In 2017 a movie inspired by a true story previously told in the eponymous biography by Billy Moore, A Prayer Before Dawn, was released in theaters.
When he was young, he lived as a foreigner in Thailand, making little money in violent kickboxing matches.
The boy was skilled in martial arts, with a good mix of technique and endurance. But his severe drug addiction had ruined his career.
He ended up in the center of a major police raid. After which the authorities sentenced him to serve three years in Bangkok’s harshest prison.
Although able to defend himself, the place is hazardous and infested with the city’s worst criminals. Moreover, the guards often stand by, leaving the prisoners to settle things among themselves.
With some petty thefts and hidden trades, he obtains the precious drug he cannot do without. But when the guards put him in solitary confinement for a long time, he must necessarily detoxify.
Once back among the other inmates, he tries to approach the prison sports group. They train on their own and then perform martial arts matches in a national tournament.
Initially, these fighters do not even want to see him, but he does not give up. Yet, finally, he convinces their trainer with his determination and physical tenacity.
After fighting a few matches, he proves that he has the necessary stuff that could make them win the tournament.
However, all those long years of drugs will present the bill just before the final. The boy ends up in the hospital, dreaming of his last and greatest chance.
Fighting with bare hands for freedom
Billy Moore is an exceptional character, intense and strong but also weak in his vices. In short, he is someone you certainly do not immediately identify with.
In his intentions, he wanted to go far away from England precisely to escape his addiction. Instead, ending up sucked into the vortex of Yaba, not coincidentally called the drug of madness.
Nevertheless, we can also empathize with his plight as time goes on. Then we realize that, at heart, he is just a guy who ended up in a scary place.
The out-of-place foreigner ends up in close contact with the worst murderers and rapists in Thailand. However, rather than being frightened by the situation, finding drugs is his first genuine concern.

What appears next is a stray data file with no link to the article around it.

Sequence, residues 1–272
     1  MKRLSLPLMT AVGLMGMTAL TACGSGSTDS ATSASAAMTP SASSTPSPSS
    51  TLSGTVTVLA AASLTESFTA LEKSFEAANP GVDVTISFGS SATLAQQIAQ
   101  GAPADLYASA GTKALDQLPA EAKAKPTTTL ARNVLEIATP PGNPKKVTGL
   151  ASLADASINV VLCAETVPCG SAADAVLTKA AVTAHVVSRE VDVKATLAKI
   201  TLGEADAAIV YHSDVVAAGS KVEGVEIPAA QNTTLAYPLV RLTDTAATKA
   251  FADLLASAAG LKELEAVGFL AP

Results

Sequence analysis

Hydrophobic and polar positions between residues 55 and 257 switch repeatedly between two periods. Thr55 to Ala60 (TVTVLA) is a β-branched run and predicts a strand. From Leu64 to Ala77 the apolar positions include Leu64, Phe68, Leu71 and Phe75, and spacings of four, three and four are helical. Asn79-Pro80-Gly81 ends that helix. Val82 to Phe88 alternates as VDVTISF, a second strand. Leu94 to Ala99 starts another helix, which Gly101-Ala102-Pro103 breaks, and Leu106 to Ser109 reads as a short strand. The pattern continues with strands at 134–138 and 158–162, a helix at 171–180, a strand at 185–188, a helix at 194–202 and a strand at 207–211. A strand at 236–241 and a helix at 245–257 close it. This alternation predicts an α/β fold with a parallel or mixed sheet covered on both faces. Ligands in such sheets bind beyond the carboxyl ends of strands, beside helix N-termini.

Getting out of that hole is hard, especially when he ends up crushed at the bottom of his problem. At that point, his only choice is to die slowly or finally wake up and fight back.
What touched me the most was his meeting with his father. With few words, they clearly reevaluate a long life of disappointments for his boy.
Thus, we can say that the theme of this story is redemption and revenge. The protagonist’s long residence in Klong Prem prison is practically a path of forced rehabilitation.
In prison, he will go from one criminal gang to another, with no one wanting him. He will find sporting revenge by learning the fundamentals of Muay Thai.
By that time, the harsh reality almost becomes a poem of hope. Even if with a background of loneliness and melancholy that never leaves the boy’s soul.
A Prayer Before Dawn was an under-distributed movie, albeit garnering numerous admirers at the 2017 Cannes Film Festival.
However, just like its protagonist, I am convinced it will have its slow payback over time.
An impressive documentary movie, yet perhaps not for everyone
At the helm is the efficient Jean-Stéphane Sauvaire, whose filmography consists mainly of shorts and documentaries.
However, his only filmmaking experience made him realize the excellent Johnny Mad Dog. It was a disturbing and exciting portrait of the cruel life of a handful of African child soldiers.
His style is a perfect fit for Billy Moore’s biography. He builds a character already in his inner cage before ending up in prison.
Through skillful editing, he breaks a series of extended sequence plans into various cuts. It achieves a realism that does not deny some moments of pure visual poetry.
This same choice dictates the fights in which he emphasizes fatigue and suffering. Rather than focusing on the easy spectacularity of martial arts, it differs from countless other films.
Equally apt is the decision not to use professional actors, returning to the canons that were, for example, those of Italian neorealism. Putting simple, ordinary faces on the screen that we, too, might see every day engages us more.
Summing up these factors, the director succeeds in the miracle of turning the daily humiliations of these prisoners into a moral victory. Each punch and encounter is thus small revenge against a society that rejects them.
A Prayer Before Dawn is not a movie for everyone, and it is no accident that, as of 2017, it has not yet achieved widespread notoriety.
Yet, as I said before, I am sure it will succeed in attracting audiences who respect it year after year. Perhaps, who knows, also thanks to you spreading it and recommending it to your friends.
As for me, it usually takes much talent to entertain me for two hours with a prison film. But the direction and the story of a man who never compromises wholly won me over.